The science wasn't as in depth as I would have liked either. I didn't really learn much new. I did however discover a few things to look up.

- A National Geographic mockumentary on what kind of aliens could theoretically be out there. Forget all this movie-driven humanoid crap. This thing takes into account conditions on the planet (or moon) and then figures how creatures may have evolved in this. Looks fascinating.
- The alligator in Lake Placid is not an alligator. A quick look at its teeth gives it away - this is a crocodile. I haven't seen Lake Placid - it looks a bit too stupid for me.
- They didn't cover Dante's Peak. *sulk*

Immediate obliteration zone of the KT meteorite was around 2000km. Okay, few questions – have these been researched?
- Did ANYTHING in that area survive? Did all families evolved in that particular area get obliterated?
- Has research been done to see if the species that occur there after the KT boundary arrived many years after that event – suggesting life slowly migrated back into that area.

Made my brain tick anyway, which is why I went. I like how they said that the only exactly true thing in one of those movies is that politicions know jack shit about science/the environment and that to me is truly terrifying. These people have the lives of millions (human and otherwise) in their hands and they're just destroying our home.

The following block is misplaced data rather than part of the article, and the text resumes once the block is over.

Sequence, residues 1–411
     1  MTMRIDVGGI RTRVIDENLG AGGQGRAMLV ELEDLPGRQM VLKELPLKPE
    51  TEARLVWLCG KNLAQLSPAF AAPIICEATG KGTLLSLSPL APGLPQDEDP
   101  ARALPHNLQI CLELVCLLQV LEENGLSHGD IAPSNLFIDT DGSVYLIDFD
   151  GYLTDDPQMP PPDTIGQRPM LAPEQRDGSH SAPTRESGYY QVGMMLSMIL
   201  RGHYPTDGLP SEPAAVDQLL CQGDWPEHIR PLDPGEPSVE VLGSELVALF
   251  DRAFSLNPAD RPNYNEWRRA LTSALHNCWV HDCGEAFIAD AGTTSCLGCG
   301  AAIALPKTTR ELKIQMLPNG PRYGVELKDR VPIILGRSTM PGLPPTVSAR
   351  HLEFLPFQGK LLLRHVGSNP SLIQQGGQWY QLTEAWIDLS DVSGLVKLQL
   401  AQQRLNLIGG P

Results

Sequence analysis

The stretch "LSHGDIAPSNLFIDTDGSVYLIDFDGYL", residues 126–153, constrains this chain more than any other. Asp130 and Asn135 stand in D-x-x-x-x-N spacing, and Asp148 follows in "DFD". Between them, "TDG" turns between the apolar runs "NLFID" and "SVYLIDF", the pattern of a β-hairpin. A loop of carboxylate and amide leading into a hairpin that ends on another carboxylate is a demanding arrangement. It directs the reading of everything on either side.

gemfyre: (Default)
That Science at the Movies thing I went to last night was okay.

They had loads of trouble with it, first the laptop wouldn't talk to the projector, and lots of other things went wrong. Lucky the presenters were also kinda stand-up comedians so they saved it a bit.
I won 2 Starburst lollipops for knowing Stegosaurus was spelled wrong in a scene from Jurassic Park. They paused it there and everything, too easy. It's spelled "Stegasaurus" in the scene.
Too many kids. "Lollipop if you can tell us which movie this is!" etc. Lots of yelling over bits, pretty annoying.